And one idea was, “Maybe should just add new methods to UIView, like setMass, applyForce.”

That’s interesting, but we realize that’s not what you want to express.

You want to express high level effects.

You don’t want just to mess with these use and forces and everything.

You want a high level more the clarity of expression of these interactions.

So then, we ask the concept we use all over the place in UIKit and in all of our frameworks’ composition.

And in dynamics, we compose Predefined behaviors for you own behaviors.

In this lock screen example, the bouncing, falling down and bouncing effect.

Why do I really need to express that?

I need gravity towards a view falling.

And I need a collision to get this bounce effect.

So, in dynamics, I would express that as one view being popped off two primitive behaviors, gravity and collision.

And all these behaviors ran are associated in animation context.

So if we start digging in the architecture, what we add is first that’s new class, UIDynamicAnimator which provides the context, and then you associate behaviors, UIDynamicBehavior subclasses to this animator.

And usually then, you associate views to these behaviors.

And one key concept here is, usually, you want to view to be part of two or more behaviors ’cause that’s going to combine the effect of these behaviors.

The other thing we need is what we call Reference View which was a way to define the global coordinate system, in which we would run this interaction with the only constraint that the views we animate are actually subviews or part of the view hierarchy of that reference view.

So that’s see in more details what we have in animators and behaviors.

UIDynamicAnimator provide your overall context for your animation and defines the coordinate system.

And we’ll see later, that’s quite interesting.

And it wraps the underlying engine and we know when to start and stop that engine for you.

It also keeps track of all the behaviors that are currently associated with this animator.

It’s really easy to use.

You just create a UIDynamicAnimator with the reference view and then you just have to add behaviors to that.


UIDynamicBehavior is something that is going to be associated with DynamicAnimator.

It’s usually associated with a view or a set of views.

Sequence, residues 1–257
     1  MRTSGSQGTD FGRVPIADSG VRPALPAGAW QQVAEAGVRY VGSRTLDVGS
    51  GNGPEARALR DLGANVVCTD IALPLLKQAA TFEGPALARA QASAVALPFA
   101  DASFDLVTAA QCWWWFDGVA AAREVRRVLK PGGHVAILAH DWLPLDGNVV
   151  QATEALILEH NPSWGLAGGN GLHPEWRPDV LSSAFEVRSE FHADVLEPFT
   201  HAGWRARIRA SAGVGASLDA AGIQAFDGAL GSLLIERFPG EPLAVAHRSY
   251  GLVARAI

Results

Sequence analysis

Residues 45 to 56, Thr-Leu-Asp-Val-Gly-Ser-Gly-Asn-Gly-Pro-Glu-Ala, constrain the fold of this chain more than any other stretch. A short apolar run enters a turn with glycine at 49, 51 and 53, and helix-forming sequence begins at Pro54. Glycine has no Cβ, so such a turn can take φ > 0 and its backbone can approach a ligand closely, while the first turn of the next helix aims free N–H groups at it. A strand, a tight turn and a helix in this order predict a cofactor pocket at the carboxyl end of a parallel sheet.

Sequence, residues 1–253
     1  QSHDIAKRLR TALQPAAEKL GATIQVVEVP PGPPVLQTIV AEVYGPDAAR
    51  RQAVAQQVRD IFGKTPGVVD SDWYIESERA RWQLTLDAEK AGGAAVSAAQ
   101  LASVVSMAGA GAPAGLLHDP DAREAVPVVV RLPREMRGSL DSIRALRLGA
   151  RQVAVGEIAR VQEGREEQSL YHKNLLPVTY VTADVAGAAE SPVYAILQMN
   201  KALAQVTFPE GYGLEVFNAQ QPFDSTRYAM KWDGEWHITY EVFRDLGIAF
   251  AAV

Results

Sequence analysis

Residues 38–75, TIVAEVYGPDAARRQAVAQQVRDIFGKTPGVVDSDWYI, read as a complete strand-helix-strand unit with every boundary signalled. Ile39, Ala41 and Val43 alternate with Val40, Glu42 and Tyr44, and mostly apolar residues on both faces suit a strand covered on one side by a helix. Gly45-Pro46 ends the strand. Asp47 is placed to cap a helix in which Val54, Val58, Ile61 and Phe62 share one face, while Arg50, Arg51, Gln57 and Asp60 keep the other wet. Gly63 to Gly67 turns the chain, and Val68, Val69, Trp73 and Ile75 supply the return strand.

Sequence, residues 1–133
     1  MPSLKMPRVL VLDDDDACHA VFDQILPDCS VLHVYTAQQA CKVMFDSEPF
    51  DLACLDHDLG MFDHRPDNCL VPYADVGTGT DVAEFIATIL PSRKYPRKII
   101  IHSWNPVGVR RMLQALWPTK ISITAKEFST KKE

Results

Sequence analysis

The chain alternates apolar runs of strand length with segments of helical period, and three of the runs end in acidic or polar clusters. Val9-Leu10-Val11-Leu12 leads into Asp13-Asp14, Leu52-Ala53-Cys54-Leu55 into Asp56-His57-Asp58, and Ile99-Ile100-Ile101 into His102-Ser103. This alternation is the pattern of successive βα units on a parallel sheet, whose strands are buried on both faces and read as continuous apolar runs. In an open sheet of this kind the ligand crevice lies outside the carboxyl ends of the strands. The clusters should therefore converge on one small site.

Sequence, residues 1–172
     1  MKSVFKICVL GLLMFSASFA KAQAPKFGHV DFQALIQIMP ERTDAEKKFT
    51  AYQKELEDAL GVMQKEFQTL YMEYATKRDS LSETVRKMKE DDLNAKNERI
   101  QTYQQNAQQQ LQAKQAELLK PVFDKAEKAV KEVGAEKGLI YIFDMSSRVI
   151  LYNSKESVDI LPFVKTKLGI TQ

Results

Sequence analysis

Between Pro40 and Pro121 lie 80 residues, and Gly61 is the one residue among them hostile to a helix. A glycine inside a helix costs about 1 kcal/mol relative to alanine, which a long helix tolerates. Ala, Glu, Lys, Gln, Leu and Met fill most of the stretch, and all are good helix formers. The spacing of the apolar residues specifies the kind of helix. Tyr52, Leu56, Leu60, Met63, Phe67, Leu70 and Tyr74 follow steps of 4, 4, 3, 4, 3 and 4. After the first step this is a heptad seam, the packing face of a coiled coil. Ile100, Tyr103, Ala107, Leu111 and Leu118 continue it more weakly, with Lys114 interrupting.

And we try to make behaviors as declarative as possible.

It will describe some inference view like “That view should be impacted by gravity.

That view should collide.”

And a real interesting thing about behaviors is you can add and remove behaviors to the animator at anytime.

And we’ll see why that’s a real key concept in dynamics.

It’s made to be composed.

You can actually group behaviors together to define your own, also by defining in your own subclass.

And it’s really easy to use.

Usually, you just want to allocate-alloc init a behavior usually with a set of views.

And you add that behavior to the animator.

And to help you, we are providing in UIKit in iOS 7 a set of Predefined behaviors you can combine together.

All of these behaviors have some common traits.

First, usually, these behaviors are configured with items you want to animate.

Most of this, actually you can add or remove views at anytime.

So if I want a view to be no longer impacted by gravity, I just remove it from that behavior.

You can configure a behavior before or after adding it to an animator and the influence of a behavior stops as soon as you remove it from the animator itself.

So what do we have?

gravity, we talked about that.


Attachment, a way to connect views together.

We have a high level of behavior we call the Snap behavior which is a way to snap view into place.

We have a behavior, a Push behavior to apply forces to views.

And we have a low level behavior which gives you a way to twitch some physics level properties of views, like friction, for instance, or density.

So, let’s explore this Predefined behavior.

First one, Gravity behavior.

So if the only thing I have in my animator is a gravity behavior with just one view, what’s going to happen is that, which is expected.

It’s defined by a very simple gravity vector which is uniform and global to the entire animator.

We have four views which are part of this behavior.

And it’s controlled by x and the y components.

It’s expressed in the UIKit coordinate system.

So, (0,1) which is the default, is gravity pointing down which is nice.

And you can add and remove items at any time.

It’s quite easy to use.

You create a Gravity behavior with a set of items and you just add this behavior to your animator.

Through this one open question, though, (0,1), which units do we use here?

Well, there was a well-known constant about gravity, Earth gravity, 9.80665 [inaudible].

Who designed this API?

UIKit Gravity, much better.

One thousand points per second square.

It feels like Earth gravity, trust me.

Just easier to use points on devices.

[ Applause ]

Collision behavior, that is a really interesting one.

You just add a view.

You can specify a boundary.

And in this case, I actually added gravity because without gravity, that would not animate, right?

So, another mode is colliding between views.

And of course, the third way to use Collision behavior is colliding between views and boundaries.

Views are controlled by a very simple property, collision mode.

UI won’t views to collide with views, views to only collide with boundaries but not with other views, or a views colliding with views and boundaries.